Project team members may find out that their products do not meet their own expectations until late in the software development lifecycle (Kristiansen, S. Deadlines in Agile). Since integration and testing are done at the end of the project, the development team can run into unexpected problems that prevent them from meeting their delivery deadlines and adhering to budgetary constraints.
Traditional PM routine includes heavy documentation that supports continuity of operations by any knowledgeable developer. However, Agile PM emphases delivering iterations of viable software quickly versus producing detailed design documentation. A high level of team collaboration helps Agile teams to achieve their quick delivery goals, and geographically dispersed teams present a challenge to Agile-based projects. Co-located team members who are exclusively assigned to particular software development efforts work best for this type of software development approach.
An even bigger challenge of employing Agile PM methods is getting your customers to trust a process that involves less predictable timelines and budgets. Customers who are not familiar with Agile PM methods may feel like they are writing blank checks for their software development projects. Agile-based projects also require a heavy user involvement throughout the project lifecycle. Besides having busy customers, your teams may have clients who are geographically dispersed. This makes it tough for development teams to get feedback from every stakeholder who needs to evaluate the viable software at the end of each sprint.

How Employing the Hybrid Project Management Strategy May Help Your Organization

While certain PM experts argue the benefits of the two popular frameworks, others think outside the box and borrow appropriate attributes from both methodologies to create a Hybrid PM approach. Project managers broadly divide the Hybrid approach into planning and execution phases. During the planning phase, they utilize the strengths of the Waterfall techniques to define system components and work packages via WBSs. Project managers set milestone deadlines and associated budgets, but team members determine how they will complete the milestone’s work within the allotted timeframe. Team members use Agile methods during the software development process while adhering to strict deadlines and budgets that project managers derive from Waterfall-based plans.
This hybrid approach, which combines the best practices of Waterfall and Agile PM frameworks, helps PM teams to flexibly respond to market and customer-related requirements changes and quickly deliver systems of the highest quality. For instance, business leaders who oversee the development of large systems within military organizations often want shorter software delivery cycles to meet aggressive schedules. Gaining improved cost efficiencies is like icing on the cake to them. While Department of Defense programs are constrained by regulatory requirements for the structure that the Waterfall PM method provides, the Hybrid PM method might be a better fit for many of their software development projects.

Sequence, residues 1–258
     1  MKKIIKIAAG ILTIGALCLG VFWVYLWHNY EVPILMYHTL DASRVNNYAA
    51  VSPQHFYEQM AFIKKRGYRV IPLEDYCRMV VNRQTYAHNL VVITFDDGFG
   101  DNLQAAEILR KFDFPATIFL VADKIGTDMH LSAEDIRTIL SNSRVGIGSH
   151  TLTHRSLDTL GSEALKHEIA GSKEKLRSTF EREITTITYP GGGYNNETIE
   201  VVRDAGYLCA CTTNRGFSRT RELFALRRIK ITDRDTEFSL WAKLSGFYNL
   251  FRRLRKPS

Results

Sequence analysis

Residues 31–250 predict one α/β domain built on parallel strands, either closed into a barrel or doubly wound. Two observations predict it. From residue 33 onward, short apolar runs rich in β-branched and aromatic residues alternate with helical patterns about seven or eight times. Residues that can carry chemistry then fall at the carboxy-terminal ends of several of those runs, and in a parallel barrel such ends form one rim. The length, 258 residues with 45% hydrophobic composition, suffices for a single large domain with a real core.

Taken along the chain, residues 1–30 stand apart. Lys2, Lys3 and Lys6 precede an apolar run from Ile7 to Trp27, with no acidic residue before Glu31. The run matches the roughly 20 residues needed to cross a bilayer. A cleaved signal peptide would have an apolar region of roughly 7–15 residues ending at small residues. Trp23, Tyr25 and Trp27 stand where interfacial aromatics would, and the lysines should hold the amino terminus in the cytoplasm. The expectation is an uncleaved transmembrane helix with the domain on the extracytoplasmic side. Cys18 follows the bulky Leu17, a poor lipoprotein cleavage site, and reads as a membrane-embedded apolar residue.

When choosing PM strategies for various software development efforts, you may consider a number of factors such as:

• Project size;
• Geographic location of project customers, stakeholders and development teams;
• Availability of critical material resources such as test equipment or laboratory space;
• Customer- or market-driven timelines.

While thinking about the numerous projects that you have encountered over the years, can you recall an instance where the Hybrid PM methodology would have worked better than either the Waterfall or Agile framework? Maybe you have implemented the hybrid PM model recently and discovered some keys to successful execution of that approach? Please share your thoughts.


Adriana Blum is a senior technology architect at Iflexion with more than 12 years of experience in managing and delivering custom software solutions. She helps organizations to automate processes, find new opportunities and create applications that bring high value to businesses.